EU rules meddle in the wrong places

4 September 2008

EU rules meddle in the wrong places

'Brussels' is a rewarding target for ridicule. The EU rules on how bent a banana must be or how straight a cucumber form an image in the public's mind of superfluous interference, of a meddlesome Brussels. Europe too often interferes in the wrong areas and acts regularly as a source of obstructiveness, frustrating national plans.

Erik Meijer is a Member of the European Parliament for the SP

Erik MeijerAn example of this came this month with its 'no' to small, low-cost improvements which would make intercity trains in the Netherlands faster. The Netherlands must instead buy a safety system which is almost ten times as expensive, still doesn't work perfectly and will not come to fruition until 2020.

Commission President Jose Barroso understands that you can better answer criticism with deeds than with words, moving to kill the 'cucumber criticism' with an attempt to have the offending rules scrapped. But the southern member states cherish these rules, or so he complained this summer.

This problem does not of course really emanate from Brussels. Members of the Dutch government were present when each and every one of these rules was confirmed. In the European Parliament, also, the Dutch political parties currently in government, the centre-right Christian Democrats (CDA) and centre-left Labour Party (PvdA) have formed since time immemorial, together with their sister parties from other member states, an absolute majority. They are thus being grossly hypocritical when they complain about EU rules.

What these parties, governing both the Netherlands and Europe, continually do is use regulations to force through liberalisation. This not only sounds a contradiction in terms, but is one. The freedom of a community to give work to its own socially-owned or socially-supported workplaces is deemed by Brussels 'illegal state aid'. A recent EU enquiry into alleged distortion of competition by a Dutch zoo on the basis of a complaint brought by a zoo in London was an example of this which was plainly laughable. .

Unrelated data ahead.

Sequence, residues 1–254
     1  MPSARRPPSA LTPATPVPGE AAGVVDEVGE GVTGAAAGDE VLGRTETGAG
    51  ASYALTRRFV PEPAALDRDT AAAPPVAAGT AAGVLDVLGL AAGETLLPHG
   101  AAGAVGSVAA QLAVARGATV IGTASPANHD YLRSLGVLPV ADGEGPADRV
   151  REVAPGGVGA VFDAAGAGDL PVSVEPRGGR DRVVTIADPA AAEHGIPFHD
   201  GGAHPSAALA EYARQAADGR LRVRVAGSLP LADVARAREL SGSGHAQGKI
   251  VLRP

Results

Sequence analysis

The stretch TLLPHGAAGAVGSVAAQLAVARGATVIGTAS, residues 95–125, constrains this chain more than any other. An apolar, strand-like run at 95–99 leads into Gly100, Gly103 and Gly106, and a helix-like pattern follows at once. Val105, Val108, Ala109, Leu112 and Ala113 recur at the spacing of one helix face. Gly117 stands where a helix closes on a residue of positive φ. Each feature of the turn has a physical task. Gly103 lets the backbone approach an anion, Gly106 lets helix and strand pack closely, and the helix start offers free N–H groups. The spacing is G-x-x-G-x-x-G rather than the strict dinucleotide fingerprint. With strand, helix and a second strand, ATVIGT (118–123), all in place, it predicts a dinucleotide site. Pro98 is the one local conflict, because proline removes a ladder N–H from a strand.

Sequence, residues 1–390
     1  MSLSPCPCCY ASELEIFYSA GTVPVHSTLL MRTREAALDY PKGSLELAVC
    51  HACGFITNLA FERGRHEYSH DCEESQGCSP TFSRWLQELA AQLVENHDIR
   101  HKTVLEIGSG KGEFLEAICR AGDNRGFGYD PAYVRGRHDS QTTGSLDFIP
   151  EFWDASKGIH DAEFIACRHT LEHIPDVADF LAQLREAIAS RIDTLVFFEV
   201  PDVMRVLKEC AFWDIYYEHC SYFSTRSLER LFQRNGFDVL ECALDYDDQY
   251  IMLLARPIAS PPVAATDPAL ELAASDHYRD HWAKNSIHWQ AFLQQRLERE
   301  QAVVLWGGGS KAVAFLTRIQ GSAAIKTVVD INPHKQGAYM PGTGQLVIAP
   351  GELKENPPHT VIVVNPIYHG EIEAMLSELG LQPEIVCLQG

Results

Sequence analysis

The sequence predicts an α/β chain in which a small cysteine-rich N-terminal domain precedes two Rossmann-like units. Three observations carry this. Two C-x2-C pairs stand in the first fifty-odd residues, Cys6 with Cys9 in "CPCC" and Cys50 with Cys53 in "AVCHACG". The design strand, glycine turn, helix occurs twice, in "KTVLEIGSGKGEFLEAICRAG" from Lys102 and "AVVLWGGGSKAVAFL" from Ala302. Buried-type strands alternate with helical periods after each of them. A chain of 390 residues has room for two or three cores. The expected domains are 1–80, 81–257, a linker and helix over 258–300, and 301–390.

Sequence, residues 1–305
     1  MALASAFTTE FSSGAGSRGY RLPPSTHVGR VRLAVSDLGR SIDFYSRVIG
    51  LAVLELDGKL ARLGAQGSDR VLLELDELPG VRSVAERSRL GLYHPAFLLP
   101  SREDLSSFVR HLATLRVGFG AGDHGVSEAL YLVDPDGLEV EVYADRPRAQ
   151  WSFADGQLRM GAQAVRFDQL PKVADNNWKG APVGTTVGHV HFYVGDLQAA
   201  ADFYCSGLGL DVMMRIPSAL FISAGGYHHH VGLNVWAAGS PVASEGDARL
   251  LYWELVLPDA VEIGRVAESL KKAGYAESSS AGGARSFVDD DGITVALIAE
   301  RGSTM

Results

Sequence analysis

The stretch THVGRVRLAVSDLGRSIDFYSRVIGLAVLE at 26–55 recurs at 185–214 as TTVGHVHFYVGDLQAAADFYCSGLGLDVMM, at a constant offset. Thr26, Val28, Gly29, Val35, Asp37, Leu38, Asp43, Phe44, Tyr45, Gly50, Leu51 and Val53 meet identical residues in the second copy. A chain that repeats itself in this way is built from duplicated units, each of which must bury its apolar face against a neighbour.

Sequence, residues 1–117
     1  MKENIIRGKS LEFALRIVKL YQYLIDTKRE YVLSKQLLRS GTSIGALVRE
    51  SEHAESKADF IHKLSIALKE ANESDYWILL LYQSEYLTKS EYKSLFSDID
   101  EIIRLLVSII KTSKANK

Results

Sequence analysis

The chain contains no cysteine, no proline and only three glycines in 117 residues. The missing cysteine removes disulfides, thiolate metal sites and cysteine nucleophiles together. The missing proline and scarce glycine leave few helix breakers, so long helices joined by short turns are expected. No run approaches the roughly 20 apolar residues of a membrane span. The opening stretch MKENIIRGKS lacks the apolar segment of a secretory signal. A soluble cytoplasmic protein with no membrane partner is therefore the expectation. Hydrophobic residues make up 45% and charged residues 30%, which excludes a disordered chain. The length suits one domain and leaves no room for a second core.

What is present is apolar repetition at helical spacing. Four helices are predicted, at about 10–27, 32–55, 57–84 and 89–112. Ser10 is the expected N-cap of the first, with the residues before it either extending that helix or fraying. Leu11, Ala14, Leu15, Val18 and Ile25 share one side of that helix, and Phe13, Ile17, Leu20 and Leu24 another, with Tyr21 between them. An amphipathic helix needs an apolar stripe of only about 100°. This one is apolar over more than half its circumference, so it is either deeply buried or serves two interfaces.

Our reusable bottle for lemonade has had to be replaced under pressure from Brussels because the environmentally-friendly system favoured by the Netherlands was 'distorting' the European market. These are each examples of a persistent mania for rules. Europhiles point readily to the way in which the practices of telecom corporations have been dealt with, or to the removal of border controls. Applause. But the removal of border-hopping rail and bus services is not to be found on their list. Yet if you compare the timetables of regional public transport with those of thirty years ago, you will find that it is rather more difficult to get to Belgium or Germany from the Netherlands.

The Brussels mania for rules is so extensive that independent specialists are often hired to help deal with it. Even governments make use of lobbyists and offices dedicated to getting money back from Brussels to finance Dutch plans. Obviously, a slice of this returned budget disappears into the pockets of the middle-men, to say nothing of all the accountants needed to control this shifting around of money or of the fraud that these European subsidy regulations encourage.

The EU interferes too often in the wrong things and concerns itself too seldom or too slowly with matters where there is evidently a need to do so. Such as in the protection of the public from unequal treatment, in the preservation of housing corporations and essential services, the suppression of dangerous products and unhealthy food, with alternatives to nuclear power and GMOs, or with real openness in government. Non-commercial, collective institutions concerned with housing, health and health care, transport, waste disposal, energy and education should not be forced to chase profits. Pushing through liberalisation by means of regulations is just as daft as talking about whether cucumbers are straight enough.

This article first appeared at the beginning of September in a number of regional dailies in the Netherlands, including Het Dagblad van het Noorden.

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